I don’t see a problem here. Anyone that cries outrage at this is nothing more than a spoiled brat.

    • Well no im not a spoiled brat, i was willing to purchase new. i reconsidered because ID seem to think they are entitled to make money off something they have already sold by cutting content.

      • I think choosing not to play id’s game because you disagree with their business practices to be a commendable thing. Every consumer can vote with their wallets!

      • No Shepard, you /are/ a spoiled brat. This is not ‘cut content’ since it’s not in the game to begin with. It’s bonus content for first-buyers. This happens across the whole gamut of retail, where car dealerships give away free DVDs and movie tickets with a purchase, and electrical/electronics goods have $100 rebate vouchers that are only given to the original owner.

        Are you going to bitch out the guy selling you his old Grand Cherokee when he doesn’t hand over the free Pocahontas DVD he got? Are you going to demand a second copy of the ‘$100 manufacturer rebate’ from the guy selling you his used Bluray player?

        It’s not a part of the game that they’re withholding from you, it’s a DLC available to everyone that the developer is giving to first-buyers for free as an additional gift. Just like thousands of other retailers do, in every other industry. Get over yourself.

          • Whether it’s on the disk or not is irrelevant – buying the disk didn’t give you the right to play it / unlock it.
            Buying the original licence did – the method of delivery (Disk, donwload etc.) doesn’t form part of what you paid for in terms of the software licence.
            You can buy a game on disk, or on steam – either way what you pay for is licenced IP , it’s completely different from buying something physical because you did not actually pay for a licence to redistribute the IP once you are done with it.

          • I love how once you can’t counteract what someone has said you just respond to someone else’s comment and ignore everything else.

            You really must be one clever guy!

          • Get a life, i posted a few replies before finishing work.
            Anyway hope you got your little kick from “winning” your argument, such a big achievement for the day.

          • This is another honest business move, For the way you are all carrying on you’d think they had done something like charge an extra 30 USD on a digital download just because you live in another country.

  • Never saw a need to buy something used, unless the game wasn’t produced in large quantities or is now obsolete.

    It’s a paradox really, used copies show up post release on a discount of the full price, but yet post release you will already see a discount on the full price on a new copy. So why not just buy a new copy.

    • Yeah, same here. The only things I buy used are the older games that I can’t find new copies of otherwise.

  • These kinds of “We want money from second-hand buyers” schemes actually seem to be more unfair to the initial purchaser than the second-hand buyer.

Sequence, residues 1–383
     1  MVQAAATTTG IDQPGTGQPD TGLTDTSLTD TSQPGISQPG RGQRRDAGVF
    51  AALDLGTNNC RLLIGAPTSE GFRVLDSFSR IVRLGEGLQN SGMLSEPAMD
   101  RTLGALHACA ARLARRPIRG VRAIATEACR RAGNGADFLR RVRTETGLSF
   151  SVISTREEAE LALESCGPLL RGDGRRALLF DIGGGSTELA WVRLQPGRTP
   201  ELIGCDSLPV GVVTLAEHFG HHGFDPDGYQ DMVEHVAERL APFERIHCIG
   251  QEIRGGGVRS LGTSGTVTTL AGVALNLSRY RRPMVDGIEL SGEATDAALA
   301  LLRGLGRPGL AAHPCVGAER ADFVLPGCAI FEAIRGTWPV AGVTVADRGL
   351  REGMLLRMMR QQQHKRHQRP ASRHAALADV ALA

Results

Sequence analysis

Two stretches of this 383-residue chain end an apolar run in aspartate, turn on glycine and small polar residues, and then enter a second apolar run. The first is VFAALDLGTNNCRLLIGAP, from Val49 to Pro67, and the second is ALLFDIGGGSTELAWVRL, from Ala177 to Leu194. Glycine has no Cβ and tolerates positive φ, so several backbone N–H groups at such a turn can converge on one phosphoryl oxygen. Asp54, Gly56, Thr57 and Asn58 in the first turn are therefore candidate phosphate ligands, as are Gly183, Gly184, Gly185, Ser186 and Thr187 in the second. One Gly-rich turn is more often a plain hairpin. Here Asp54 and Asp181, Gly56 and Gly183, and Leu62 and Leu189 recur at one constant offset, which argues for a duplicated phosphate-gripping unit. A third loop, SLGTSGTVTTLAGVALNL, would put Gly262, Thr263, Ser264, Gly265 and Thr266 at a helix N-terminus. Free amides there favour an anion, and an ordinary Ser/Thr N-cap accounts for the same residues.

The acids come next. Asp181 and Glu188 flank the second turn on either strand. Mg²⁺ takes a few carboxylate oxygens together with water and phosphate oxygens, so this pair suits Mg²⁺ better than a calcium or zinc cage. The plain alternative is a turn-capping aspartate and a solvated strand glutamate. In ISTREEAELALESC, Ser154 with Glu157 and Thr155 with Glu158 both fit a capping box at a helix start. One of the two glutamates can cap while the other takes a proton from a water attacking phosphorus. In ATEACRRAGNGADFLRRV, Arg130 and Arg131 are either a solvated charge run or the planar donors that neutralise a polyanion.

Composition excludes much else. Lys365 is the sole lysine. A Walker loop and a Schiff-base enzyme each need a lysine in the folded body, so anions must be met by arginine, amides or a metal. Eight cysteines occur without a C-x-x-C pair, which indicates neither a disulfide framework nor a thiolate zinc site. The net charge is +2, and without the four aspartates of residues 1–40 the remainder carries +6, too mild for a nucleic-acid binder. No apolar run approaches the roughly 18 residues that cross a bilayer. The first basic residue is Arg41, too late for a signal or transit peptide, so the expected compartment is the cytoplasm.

I buy the game first-hand, and pay for everything at retail price, which also includes the “Pay for use” section which seems to usually be a feature of the game that doesn’t completely cripple the experience. If I don’t particularly care for multiplayer or traipsing through sewers which have no real bearing on the game, I’m stuck with paying for it.

    John comes along and buys the game second-hand at a significantly reduced price. Most likely, even with the “Pay for use” content it will still come out less than what I pay. He may not even want it, so he has the option to not pay for it whereas I was forced to pay for something I may not have wanted.

    DLC is already a way of keeping publishers paid even if the core experience was bought second-hand so just expand on that. Free-to-Play games, if done right, could be the solution. The core experience is free, so second-hand sales mean nothing, and *everyone* pays for the content they actually want so the publisher gets all the money, second-hand users don’t feel gypped paying for extra content, and first-hand buyers aren’t paying for things they don’t want.

  • this is crap why should i give any money to developers?!?!

    if i buy something second hand i should get the same as everyone esle why should i support the devs who made the game??!!

    this is totally unethical and im cancelling my preorder and going home


    • Actually if you bothered, or are able to read i mention i had a preorder down. so i was giving cash to the devs untill they started talking about how when you have a blockbuster you can force things like activation codes, constant online for play ect.
      Its not an issue purely with RAGE its id’s buisness strategy of we make good games these ants will follow the path they are told to.

  • As somebody who’s brought nearly every Id Software game (always new, and in some cases multiple times), and somebody who was looking forward to this new title, I’m shocked and pissed off. I thought Id was better than this. They used to be.

    I agree with the comments above – it’s not about cost, its about business ethics. I hope this game bombs – I for one now won’t be buying it until it hits the <$10 bargain bins, if at all.

    Will return the favour by dishing back at Id a little incentive to *not* pull this kind of bullshit until they come to their senses.

  • 1: Pay full price, get full game.
    2: Pay around 50% of full price, get 95% of game.
    3: Pay 60% of full price, get full game.

    fml, game devs want to get $5 instead of their usual $50 from a game’s sale and you assholes won’t even give them that.